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realestate

How parents without a huge lump sum can still help first-time buyers


With the average house in London costing over £480,000, many would-be first-time buyers who’d love to start 2019 in a home of their own simply can’t finance a mortgage. Help to Buy and shared ownership, of great assistance to many, are not right for everyone.

But if your parents are willing for their income to be considered as part of your mortgage application, a Joint Borrower Sole Proprietor option may offer the chance you seek.

Unlike Help to Buy there is no deadline to meet in five years’ time, when equity loans must be repaid. And unlike shared ownership, you don’t have to juggle mortgage payments and rent.

Perhaps best of all, you can buy an older home — usually much cheaper than a new-build property.

Another bright spot is that first timers get stamp duty relief on homes less than £500,000. This can cut your tax bill by up to £5,000, perhaps making the difference in your ability to post a deposit on your first home.

Even so, many first-time buyers will still be short on the income they need to support a mortgage.

Will I have to pay stamp duty?

In the past, first timers bought jointly with their family so that their parent’s earnings could allow them to borrow more. But if your parents already own a home, this is no longer a good idea.

Not only will you lose first-time buyer relief, you will also face an extra three per cent stamp duty payable on second homes. This would see your stamp duty bill on a £450,000 home rise from £7,500 to £26,000.

“For first-time buyers, getting on to the property ladder can seem like an impossible challenge,” says Charles Morley, director of mortgage distribution at Metro Bank.

“Not only is there the obvious question of affordability, but also getting to grips with the process and all it entails.

“Joint Borrower Sole Proprietor (JBSP) mortgages allow close family members to support the affordability of the mortgage without them having to become legal owners of the property.”

How does the Joint Borrower Sole Proprietor mortgage work? 

This means that parents’ or other family members’ higher salaries can be used to support lower incomes, without co-owning the property and eradicating the first-time buyer stamp duty relief.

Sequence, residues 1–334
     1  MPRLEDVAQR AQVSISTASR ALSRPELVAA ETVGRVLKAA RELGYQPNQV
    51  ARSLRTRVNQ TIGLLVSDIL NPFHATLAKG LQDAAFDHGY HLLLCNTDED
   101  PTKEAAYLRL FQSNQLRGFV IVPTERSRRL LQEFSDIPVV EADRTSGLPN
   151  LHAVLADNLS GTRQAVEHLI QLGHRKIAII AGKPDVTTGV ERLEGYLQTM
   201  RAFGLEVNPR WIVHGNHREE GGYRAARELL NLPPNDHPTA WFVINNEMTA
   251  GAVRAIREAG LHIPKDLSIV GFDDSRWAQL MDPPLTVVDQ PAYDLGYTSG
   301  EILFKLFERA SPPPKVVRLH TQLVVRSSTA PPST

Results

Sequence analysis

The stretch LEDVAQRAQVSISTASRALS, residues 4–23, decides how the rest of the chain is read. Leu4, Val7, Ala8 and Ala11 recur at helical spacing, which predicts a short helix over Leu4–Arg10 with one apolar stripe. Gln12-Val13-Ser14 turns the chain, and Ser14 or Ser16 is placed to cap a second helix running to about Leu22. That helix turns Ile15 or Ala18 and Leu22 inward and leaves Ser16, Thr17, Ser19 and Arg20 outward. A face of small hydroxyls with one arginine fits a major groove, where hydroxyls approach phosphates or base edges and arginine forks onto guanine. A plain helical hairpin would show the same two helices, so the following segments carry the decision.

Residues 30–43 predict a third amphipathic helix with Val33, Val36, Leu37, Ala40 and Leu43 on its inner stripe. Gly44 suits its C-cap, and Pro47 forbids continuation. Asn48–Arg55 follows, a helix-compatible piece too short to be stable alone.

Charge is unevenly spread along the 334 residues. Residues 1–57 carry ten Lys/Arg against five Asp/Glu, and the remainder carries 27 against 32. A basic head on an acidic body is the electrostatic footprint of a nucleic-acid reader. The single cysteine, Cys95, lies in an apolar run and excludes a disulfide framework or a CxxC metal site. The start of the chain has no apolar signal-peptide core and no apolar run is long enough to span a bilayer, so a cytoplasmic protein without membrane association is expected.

Under these mortgages, the income of everyone on the mortgage is considered. So, if you earn £35,000 a year and your parents earn £25,000 each, you would have a total pot of £85,000.

On a four-times income basis, this could support a £340,000 mortgage — much more than the £140,000 you could stretch to on your own.

In London, that extra £200,000 could be the difference between owning your own home or remaining part of Generation Rent.

Unlike traditional mortgages, the age limit on JBSP mortgages can be as high as 80, allowing two generations of income to be assessed without making the term so short that the repayments become unaffordable.

There are capital gains benefits, too. If your parents are on your deeds, they have to pay up to 28 per cent of their share of the property’s increase in value when you sell. But if they are not on the deeds they do not pay this tax and it makes it easier for you to climb to the next rung on the ladder.

How to get a Joint Borrower Sole Proprietor mortgage

So why don’t more people know about these mortgages? Well, they used to be hard to find. They were largely the preserve of niche banks, often based outside London, and might have seemed a bit “exotic” to property newbies.

Now, offerings from Metro Bank, Barclays and a host of other institutions give Londoners choice and local face to face advice.

Independent legal advice for both parties is a must — and is often a condition of the mortgage.

These products exist because the first-time buyer generally can’t afford a mortgage on their own. Hopefully, in time their income and their equity in the house will increase, allowing them either to sell up and move on, or take on the mortgage themselves.

But if things go wrong, the close family member can be left with all the mortgage to pay and no authority to sell the property. Or if relationships deteriorate, it can mean a costly legal battle to get the non-owner’s name removed from the mortgage.

To help avoid such pitfalls, consider setting up a declaration of trust at the outset and register it against the property at the Land Registry.

And with a number of smaller, out-of-town banks still key players in this area, consider using a mortgage broker to ensure you get the best deal available.

Looking to buy a house or remortgage your home? Click here to visit Trussle, the hassle-free way to get a mortgage online.



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